# $s_{l(α)}=r_{α/2}\circ s_x$

Let $l(α)$ be a line through the origin, such that the angle between $l(α)$ and the $x$-axis is $α$.
Let $s_{l(α)}$ be a reflection in the line $l(α)$. And let $s_x$ be a reflectioin in the $x$-axis.
Let $r_α$ be clockwise α rotation.

By studying the element of $D_4$, I think that the following is true:

$$s_{l(α)}=r_{α/2}\circ s_x$$

Is this true in general? I'm trying to think of why this would make intuitive sense (visually).

I guess you can prove this using matrices, are there other ways ?

-
If it does the right thing to your two favourite vectors, which you might adjust for the situation, then it does the right thing to everybody. –  André Nicolas Mar 16 '13 at 18:59
I think that you should use $r_{2\alpha}$ instead of $r_{\alpha/2}$. Think $D_4$: the composition $s_x\circ s_{\ell(\pi/4)}$ is a 90 degree rotation, right? Anyway, this is true. Good that you thought about this in this generality! As an exercise application of $r_{\pi/2}=s_{\ell(\pi/4)}\circ s_x$ (that you by multiplying your equation from the right by $s_x$) I invite you to give a different proof of the fact that the product of the slopes of two perpendicular lines equals $-1$. –  Jyrki Lahtonen Mar 16 '13 at 20:03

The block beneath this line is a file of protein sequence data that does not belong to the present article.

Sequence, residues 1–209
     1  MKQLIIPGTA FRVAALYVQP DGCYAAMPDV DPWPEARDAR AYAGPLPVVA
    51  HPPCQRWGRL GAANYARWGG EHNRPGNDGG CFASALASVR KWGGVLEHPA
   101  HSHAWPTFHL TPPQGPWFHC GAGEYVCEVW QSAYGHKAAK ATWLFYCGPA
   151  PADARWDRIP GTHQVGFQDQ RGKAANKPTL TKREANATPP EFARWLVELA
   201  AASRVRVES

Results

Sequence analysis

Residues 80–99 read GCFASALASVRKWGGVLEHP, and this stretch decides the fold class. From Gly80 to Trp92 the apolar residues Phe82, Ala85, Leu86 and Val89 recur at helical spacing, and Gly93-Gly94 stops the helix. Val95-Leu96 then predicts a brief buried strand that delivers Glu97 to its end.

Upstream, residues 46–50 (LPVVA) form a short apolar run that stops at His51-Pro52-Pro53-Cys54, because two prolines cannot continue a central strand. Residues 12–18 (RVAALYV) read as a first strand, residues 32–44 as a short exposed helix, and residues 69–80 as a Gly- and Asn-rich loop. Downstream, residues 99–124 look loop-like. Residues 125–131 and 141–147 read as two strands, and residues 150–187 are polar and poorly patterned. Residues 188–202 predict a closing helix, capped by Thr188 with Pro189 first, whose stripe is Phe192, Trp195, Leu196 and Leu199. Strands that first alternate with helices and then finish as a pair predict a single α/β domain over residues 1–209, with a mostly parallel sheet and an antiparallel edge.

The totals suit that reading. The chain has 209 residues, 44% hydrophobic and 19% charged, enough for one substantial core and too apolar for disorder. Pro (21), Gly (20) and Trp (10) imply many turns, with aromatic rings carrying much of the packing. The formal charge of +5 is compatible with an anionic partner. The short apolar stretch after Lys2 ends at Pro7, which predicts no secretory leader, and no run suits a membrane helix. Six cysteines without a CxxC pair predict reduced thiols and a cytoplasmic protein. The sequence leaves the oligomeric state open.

Proof? Oh! Follow André's suggestion. Check what happens to the vectors pointing in the directions of the two lines of reflection. –  Jyrki Lahtonen Mar 16 '13 at 20:05

$s_{l(α)}$ and $s_x$ are both isometries, so is $r = s_{l(α)}∘s_x$.

$s_{l(α)}$ and $s_x$ are reflections, then $^\det(s_{l(α)}) = \det(s_{l(α)}) = -1$. Therefore $\det(s_{l(α)} ∘ s_{l(α)}) = 1$ and $r$ is a rotation.

If a is the point where $Ox$ and $l(α)$ intersect (that is it, the origin), then it invariant by both reflections and $r(a) = s_{l(α)}∘s_x(a) = s_{l(α)}(a)=a$. So $r$ is a rotation around $a$=$O$.

The know the angle of the rotation, look at the image of the invariants of the first reflection : $r(Ox) = s_{l(α)}∘s_x(Ox) = s_{l(α)}(Ox)=l(2α)$.

Conclude that $s_{l(α)}∘s_x = r_{2α}$, which is what you were looking for because $s_x^2=1$.

It is true in any dimension and the converse is true: every rotation is a product of reflections. [E. Cartan]

-
Thanks. There are years I did use LaTex. –  user1938185 Mar 17 '13 at 14:54